Being a great admirer of the works of Richard Wagner - and most particularly of his RING Cycle - means having to deal with conflicted feelings about his (and Cosima's) rampant anti-Semitism. Most of the time when I'm listening to Wagner's music I don't give it much thought. But when I'm reading about the Wagners and the history of the Bayreuth Festival it becomes an unavoidable issue to ponder. (Above, the Festspielehaus).
Brigitte Hamann's excellent book, WINIFRED WAGNER: A LIFE AT THE HEART OF HITLER'S BAYREUTH deals with the Nazi era's ultimate intersection of politics and art.
Wagner's music has long been linked to Adolf Hitler and the Nazi movement. Hitler loved Wagner and even as the tide of World War II began to turn against Germany, he kept the Bayreuth Festival running. When things got so bad that no one could afford to attend the Festival (or to even get to the town of Bayreuth), the House was packed with wounded German troops who were given free tickets by the government.
Hitler's connection to Bayreuth remained strong in part because of his personal friendship with Winifred Wagner. She was the British orphan who had come to adoptive parents in Germany. The elderly Klindworths were very involved in the world of Wagner and naturally Winifred fell under the spell of the music.
Just at the time Winifred reached young-womanhood, there was a desperate need for Richard Wagner's only son Siegfried to wed and thus deflect increasing rumours of his homosexuality. The attractive Winifred, many years Siegfried's junior, was set before him. They married and miraculously managed to produce four children despite stories of Siegfried's continuing same-sex dalliances.
The death of Cosima in 1930 finally paved the way for Siegfried to fully take the reins of the Bayreuth Festival but in an odd twist of fate he only survived his mother by a few months. On Siegfried's death, Winifred took over the running of the Festival with the support of the artistic staff and musicians, thus marginalizing Siegfried's sisters.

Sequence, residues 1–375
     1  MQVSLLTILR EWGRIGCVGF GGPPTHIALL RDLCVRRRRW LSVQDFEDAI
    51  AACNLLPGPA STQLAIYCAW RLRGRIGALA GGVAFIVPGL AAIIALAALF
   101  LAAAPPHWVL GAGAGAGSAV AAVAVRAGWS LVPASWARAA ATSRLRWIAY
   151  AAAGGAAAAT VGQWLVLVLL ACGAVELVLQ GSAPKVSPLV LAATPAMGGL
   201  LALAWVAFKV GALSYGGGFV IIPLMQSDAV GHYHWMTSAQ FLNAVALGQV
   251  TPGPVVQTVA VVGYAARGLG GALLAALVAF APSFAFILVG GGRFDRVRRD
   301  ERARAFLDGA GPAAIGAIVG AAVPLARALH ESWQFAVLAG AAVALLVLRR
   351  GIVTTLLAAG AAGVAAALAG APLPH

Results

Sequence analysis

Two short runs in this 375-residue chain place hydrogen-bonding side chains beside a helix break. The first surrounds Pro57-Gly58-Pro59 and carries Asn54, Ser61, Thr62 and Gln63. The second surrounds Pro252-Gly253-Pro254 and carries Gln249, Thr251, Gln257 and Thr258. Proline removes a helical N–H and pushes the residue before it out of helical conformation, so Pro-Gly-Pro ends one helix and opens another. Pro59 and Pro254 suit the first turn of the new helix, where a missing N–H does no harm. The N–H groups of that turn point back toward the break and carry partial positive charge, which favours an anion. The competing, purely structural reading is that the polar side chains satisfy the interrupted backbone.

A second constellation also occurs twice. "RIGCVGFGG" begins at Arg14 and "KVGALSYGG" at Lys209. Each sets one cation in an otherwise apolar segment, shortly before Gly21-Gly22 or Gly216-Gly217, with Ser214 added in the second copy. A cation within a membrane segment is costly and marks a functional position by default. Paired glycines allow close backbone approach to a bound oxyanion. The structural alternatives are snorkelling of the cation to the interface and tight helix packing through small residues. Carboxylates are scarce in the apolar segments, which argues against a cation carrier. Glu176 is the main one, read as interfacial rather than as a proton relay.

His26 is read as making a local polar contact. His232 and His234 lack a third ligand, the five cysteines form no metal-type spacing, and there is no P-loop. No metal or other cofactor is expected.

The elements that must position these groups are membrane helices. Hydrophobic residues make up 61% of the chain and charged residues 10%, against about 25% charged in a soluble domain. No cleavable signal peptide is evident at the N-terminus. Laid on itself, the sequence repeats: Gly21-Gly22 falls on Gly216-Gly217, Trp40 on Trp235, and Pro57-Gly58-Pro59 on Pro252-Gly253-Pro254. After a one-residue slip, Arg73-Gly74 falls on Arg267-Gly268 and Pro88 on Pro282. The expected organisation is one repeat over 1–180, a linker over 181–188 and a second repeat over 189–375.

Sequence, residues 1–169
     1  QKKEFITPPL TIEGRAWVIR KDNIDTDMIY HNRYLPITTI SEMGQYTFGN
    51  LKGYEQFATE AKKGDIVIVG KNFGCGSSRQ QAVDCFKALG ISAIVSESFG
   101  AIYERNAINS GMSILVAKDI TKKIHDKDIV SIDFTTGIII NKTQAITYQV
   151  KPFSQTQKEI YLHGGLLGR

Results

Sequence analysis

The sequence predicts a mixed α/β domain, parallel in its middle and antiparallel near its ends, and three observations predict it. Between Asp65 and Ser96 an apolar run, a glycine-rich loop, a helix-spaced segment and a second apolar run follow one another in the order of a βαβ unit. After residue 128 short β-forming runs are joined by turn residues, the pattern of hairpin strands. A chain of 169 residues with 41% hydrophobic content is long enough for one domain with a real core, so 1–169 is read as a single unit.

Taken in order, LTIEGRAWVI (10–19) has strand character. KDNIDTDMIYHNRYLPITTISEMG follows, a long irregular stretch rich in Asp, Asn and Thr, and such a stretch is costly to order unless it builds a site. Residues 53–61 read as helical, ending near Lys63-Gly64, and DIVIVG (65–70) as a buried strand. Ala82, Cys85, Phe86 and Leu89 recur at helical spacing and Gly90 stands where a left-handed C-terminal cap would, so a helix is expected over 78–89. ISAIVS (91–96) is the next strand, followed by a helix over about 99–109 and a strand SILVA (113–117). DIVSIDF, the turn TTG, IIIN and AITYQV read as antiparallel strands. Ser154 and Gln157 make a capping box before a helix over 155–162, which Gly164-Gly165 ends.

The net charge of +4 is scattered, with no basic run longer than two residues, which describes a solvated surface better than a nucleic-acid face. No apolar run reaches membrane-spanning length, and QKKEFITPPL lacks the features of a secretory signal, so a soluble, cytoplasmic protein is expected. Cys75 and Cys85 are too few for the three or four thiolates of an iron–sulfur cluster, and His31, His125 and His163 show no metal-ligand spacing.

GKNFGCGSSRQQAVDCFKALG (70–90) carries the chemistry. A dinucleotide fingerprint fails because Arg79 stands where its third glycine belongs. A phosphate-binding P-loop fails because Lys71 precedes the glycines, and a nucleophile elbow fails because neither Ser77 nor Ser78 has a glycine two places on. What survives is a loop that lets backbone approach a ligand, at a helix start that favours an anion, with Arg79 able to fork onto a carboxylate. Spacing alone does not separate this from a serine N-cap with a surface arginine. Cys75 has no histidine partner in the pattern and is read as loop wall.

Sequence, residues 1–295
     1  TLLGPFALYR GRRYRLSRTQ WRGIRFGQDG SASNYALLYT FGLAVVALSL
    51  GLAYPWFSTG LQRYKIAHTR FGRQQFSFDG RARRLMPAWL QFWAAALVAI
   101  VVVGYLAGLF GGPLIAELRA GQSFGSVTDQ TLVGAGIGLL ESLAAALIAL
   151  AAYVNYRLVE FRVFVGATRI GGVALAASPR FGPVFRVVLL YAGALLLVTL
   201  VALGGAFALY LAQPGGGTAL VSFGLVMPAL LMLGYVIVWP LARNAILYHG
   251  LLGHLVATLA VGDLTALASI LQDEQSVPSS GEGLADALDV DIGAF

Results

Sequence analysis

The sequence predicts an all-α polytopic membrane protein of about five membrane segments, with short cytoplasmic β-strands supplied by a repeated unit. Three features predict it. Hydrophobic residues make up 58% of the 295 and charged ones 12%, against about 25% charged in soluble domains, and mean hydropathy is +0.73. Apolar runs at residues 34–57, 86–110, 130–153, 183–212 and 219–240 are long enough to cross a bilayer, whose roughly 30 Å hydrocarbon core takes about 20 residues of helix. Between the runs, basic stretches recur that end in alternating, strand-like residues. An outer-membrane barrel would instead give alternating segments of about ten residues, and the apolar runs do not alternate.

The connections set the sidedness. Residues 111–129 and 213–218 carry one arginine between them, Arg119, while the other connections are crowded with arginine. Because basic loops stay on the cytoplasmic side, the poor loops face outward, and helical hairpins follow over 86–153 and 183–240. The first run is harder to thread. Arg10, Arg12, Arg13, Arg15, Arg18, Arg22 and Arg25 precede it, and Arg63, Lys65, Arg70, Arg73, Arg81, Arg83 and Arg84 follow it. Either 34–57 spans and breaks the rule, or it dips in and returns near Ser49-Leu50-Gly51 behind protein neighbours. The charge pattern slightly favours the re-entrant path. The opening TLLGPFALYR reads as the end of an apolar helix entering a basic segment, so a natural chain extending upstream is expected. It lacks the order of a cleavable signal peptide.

Hitler had visited Bayreuth in 1925 and Winifred had met him and stood with him before Richard Wagner's tomb (above). Later, when Hitler was in jail for fomenting political unrest, she sent him parcels of food. And writing paper - on which he is thought to have written MEIN KAMPF.
With Hitler's rise to power, his passion for Wagner and his view of Bayreuth as a world symbol of the superiority of German art assured that the Festival would to continue thru the war years. Winifred and Hitler were in frequent contact and spent much time together; he would come to Bayreuth and stay - whenever he could find the time - in a house (adjoining Wahnfried) known as the Fuhrer Haus. He loved to sit up late at Wahnfried before a blazing fire (even in summer) regaling the Wagners and their guests with long stories; his audience reportedly sometimes had trouble staying awake. Other times Hitler would suddenly call for Winifred and/or her sons Wieland and Wolfgang to come immediately to Berlin or to meet him at some other site. The Fuhrer's wish was their command. (The above photo is from the cover of Hamann's book).
As the war escalated, Hitler had less time for Winifred but kept up his interest in the Festival. When Winifred heard of instances of Nazi brutality and the enforcement of harsh anti-Jewish laws, she believed that Hitler's henchmen and goons were acting without his knowledge. She thought of Hitler as a warm and peace-loving man. Her sons called him Uncle Wolf.